3 - The trick I use: As you get close to the 'hard part' (getting that last bit of the bead over the rim), go back to the opposite side of the rim (the point at which you started mounting the tire) and squeeze the beads of the tire together into the centre well of the rim, working your way around, and back to the point where you're stuck. This is made easier if you don't have too much air in the tube to begin with, just a bit of air is all you need to give the tube the slightest bit of shape. The FLO carbon rim seems to be a bit more of a challenge than the aluminum rim, I guess the centre well isn't as deep on those.
- Believe it or not, I do not even use tire levers to mount tires - I use the palms of both hands to put pressure evenly along the unmounted section of tire, use my fingers to grip the rim and simply roll that last section of tire over the rim and into place. Doing the previous step (centering the bead in the rim well) facilitates this. At nearly 60 yrs old, I am not Hercules or anything. Technique is everything!
On a related note, I disagree with the generally-accepted advice on mounting tires: I think (and do) finish the job at the valve stem, not start it there. By finishing at the valve stem you can push the stem partially up into the tire and decrease the chance that the tube will be pinched between the tire and rim as you pop that last bit into place. IIRC, this actually used to be the accepted practice until about 10 yrs ago, go figure.
Hope it helps,
Chris H.


Great advice. Thank you for the tips. I personally do not finish at the valve, but if that works for you, then that's perfect.

Take care,
Chris Thornham
FLO Cycling: http://www.flocycling.com
FLO Blog: http://bit.ly/b3Zlpq | Twitter: http://bit.ly/bOQ08x | Facebook: http://bit.ly/d8KDhI
Chris Thornham
Site Admin
 
Posts: 566
Joined: March 2nd, 2012, 3:35 pm
Location: Las Vegas, Nevada

Re: New Flo 60's & 90's Tire Changing

Postby spudman1 » December 13th, 2016, 1:44 pm

My experience with the Flo 45s was very good. I took my time and got the new 23mm Conti on the front with just my hands for the first time ever. For me that is quite a feat. I've been known to break a tire tool trying to muscle a Continental on my old bike. (They were 650c wheels, so no direct comparison.)

My back tire is a 25mm GPII. It took me using a tool for the last bit. For both of these tires I took them out of the box and unfolded them and left them in a warm room for a day. Then I tried to stretch them just a bit with my hands and a foot before trying to install them. I don't know if this helped or not, but like I said the install was very easy. The only problem was I installed the front tire with the direction arrow going the wrong way. I know this doesn't really make a difference, but I'm just OCD enough that I will have to do it over.
spudman1
 
Posts: 1
Joined: November 28th, 2016, 12:56 pm

Re: New Flo 60's & 90's Tire Changing

Postby Chris Thornham » December 15th, 2016, 1:45 pm

spudman1 wrote:My experience with the Flo 45s was very good. I took my time and got the new 23mm Conti on the front with just my hands for the first time ever. For me that is quite a feat. I've been known to break a tire tool trying to muscle a Continental on my old bike. (They were 650c wheels, so no direct comparison.)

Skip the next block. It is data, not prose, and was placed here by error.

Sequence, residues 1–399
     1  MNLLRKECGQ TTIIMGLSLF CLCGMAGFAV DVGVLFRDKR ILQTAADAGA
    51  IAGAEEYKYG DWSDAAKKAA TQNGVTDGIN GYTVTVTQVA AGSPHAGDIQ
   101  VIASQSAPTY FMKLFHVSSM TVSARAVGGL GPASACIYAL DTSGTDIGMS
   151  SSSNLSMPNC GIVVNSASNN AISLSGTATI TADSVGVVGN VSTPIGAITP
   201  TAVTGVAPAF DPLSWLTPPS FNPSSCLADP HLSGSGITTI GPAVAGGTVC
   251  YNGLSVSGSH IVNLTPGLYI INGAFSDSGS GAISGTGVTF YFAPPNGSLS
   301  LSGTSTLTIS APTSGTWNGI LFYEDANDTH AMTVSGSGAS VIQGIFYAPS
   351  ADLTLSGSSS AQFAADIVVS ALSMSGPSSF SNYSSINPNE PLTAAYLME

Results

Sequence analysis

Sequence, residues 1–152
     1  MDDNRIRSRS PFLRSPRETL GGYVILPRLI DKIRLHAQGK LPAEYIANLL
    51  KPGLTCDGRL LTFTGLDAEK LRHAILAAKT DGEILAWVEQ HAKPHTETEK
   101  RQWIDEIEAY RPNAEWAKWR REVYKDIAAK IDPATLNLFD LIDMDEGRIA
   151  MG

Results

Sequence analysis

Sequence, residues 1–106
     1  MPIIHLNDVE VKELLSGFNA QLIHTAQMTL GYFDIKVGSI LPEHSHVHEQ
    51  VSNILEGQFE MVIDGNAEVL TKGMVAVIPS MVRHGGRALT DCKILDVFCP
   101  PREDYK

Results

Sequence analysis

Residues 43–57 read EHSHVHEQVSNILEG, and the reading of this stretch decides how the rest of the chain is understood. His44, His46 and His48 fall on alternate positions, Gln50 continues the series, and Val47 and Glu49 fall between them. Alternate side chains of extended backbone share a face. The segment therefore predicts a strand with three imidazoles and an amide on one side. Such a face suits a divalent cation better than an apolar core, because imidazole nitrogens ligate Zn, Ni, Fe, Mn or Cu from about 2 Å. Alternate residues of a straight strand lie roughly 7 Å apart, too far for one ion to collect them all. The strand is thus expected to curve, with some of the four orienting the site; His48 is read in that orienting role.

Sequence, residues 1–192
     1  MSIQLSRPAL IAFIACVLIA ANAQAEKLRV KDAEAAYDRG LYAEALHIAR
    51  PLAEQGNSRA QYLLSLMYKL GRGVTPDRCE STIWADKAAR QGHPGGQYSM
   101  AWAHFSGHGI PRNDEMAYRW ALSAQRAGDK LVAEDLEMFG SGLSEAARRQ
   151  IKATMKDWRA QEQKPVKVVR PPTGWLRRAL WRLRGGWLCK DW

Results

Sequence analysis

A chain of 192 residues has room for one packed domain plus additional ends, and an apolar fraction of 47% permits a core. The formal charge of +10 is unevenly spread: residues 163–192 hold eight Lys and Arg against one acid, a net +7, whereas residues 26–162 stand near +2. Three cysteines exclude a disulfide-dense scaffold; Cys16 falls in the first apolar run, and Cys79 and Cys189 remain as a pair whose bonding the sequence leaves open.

My back tire is a 25mm GPII. It took me using a tool for the last bit. For both of these tires I took them out of the box and unfolded them and left them in a warm room for a day. Then I tried to stretch them just a bit with my hands and a foot before trying to install them. I don't know if this helped or not, but like I said the install was very easy. The only problem was I installed the front tire with the direction arrow going the wrong way. I know this doesn't really make a difference, but I'm just OCD enough that I will have to do it over.


Thanks for the feedback!
Chris Thornham
FLO Cycling: http://www.flocycling.com
FLO Blog: http://bit.ly/b3Zlpq | Twitter: http://bit.ly/bOQ08x | Facebook: http://bit.ly/d8KDhI
Chris Thornham
Site Admin
 
Posts: 566
Joined: March 2nd, 2012, 3:35 pm
Location: Las Vegas, Nevada

Re: New Flo 60's & 90's Tire Changing

Postby AlathIN » January 11th, 2017, 6:06 am

Another n=1 data point:

I got a 60-90 carbon clincher set and put new gp4k2 25mm on them. The front went about like always for me, had to use a lever for the very last bit. The 90mm rear was tighter than average - had to use a lever AND it was tight enough to be difficult to get the lever in for the last bit. But I've had plenty of other tire/rim combos equally tight or moreso in the past. Worst I remember was a pair of Conti touring tires and Bontrager rims - the Conti/Flo combo was nowhere near as stubborn as those. I am guessing there is a +/- variance on all rims and tires, and when you get a rim on the big end of normal and a tire on the small end you are in for a struggle.

PS Spudman - if you got the rolling direction wrong on a front wheel, can't you just flip the whole wheel and tire? Maybe I am missing something?
AlathIN
 
Posts: 11
Joined: November 9th, 2016, 7:51 am

Re: New Flo 60's & 90's Tire Changing

Postby Chris Thornham » January 12th, 2017, 2:43 pm

AlathIN wrote:Another n=1 data point:

I got a 60-90 carbon clincher set and put new gp4k2 25mm on them. The front went about like always for me, had to use a lever for the very last bit. The 90mm rear was tighter than average - had to use a lever AND it was tight enough to be difficult to get the lever in for the last bit. But I've had plenty of other tire/rim combos equally tight or moreso in the past. Worst I remember was a pair of Conti touring tires and Bontrager rims - the Conti/Flo combo was nowhere near as stubborn as those. I am guessing there is a +/- variance on all rims and tires, and when you get a rim on the big end of normal and a tire on the small end you are in for a struggle.

PS Spudman - if you got the rolling direction wrong on a front wheel, can't you just flip the whole wheel and tire? Maybe I am missing something?


Thanks for the input. Sounds like you had a very typical tire installation where you need a tire lever just at the end. This happens more so with new tires.

Have a great day,
Chris Thornham
FLO Cycling: http://www.flocycling.com
FLO Blog: http://bit.ly/b3Zlpq | Twitter: http://bit.ly/bOQ08x | Facebook: http://bit.ly/d8KDhI
Chris Thornham
Site Admin
 
Posts: 566
Joined: March 2nd, 2012, 3:35 pm
Location: Las Vegas, Nevada

Re: New Flo 60's & 90's Tire Changing

Postby Comlite31 » April 19th, 2017, 9:24 pm

Your question helped me.
Comlite31
 
Posts: 1
Joined: April 19th, 2017, 2:47 am


Return to General Discussion

Who is online

Users browsing this forum: No registered users and 1 guest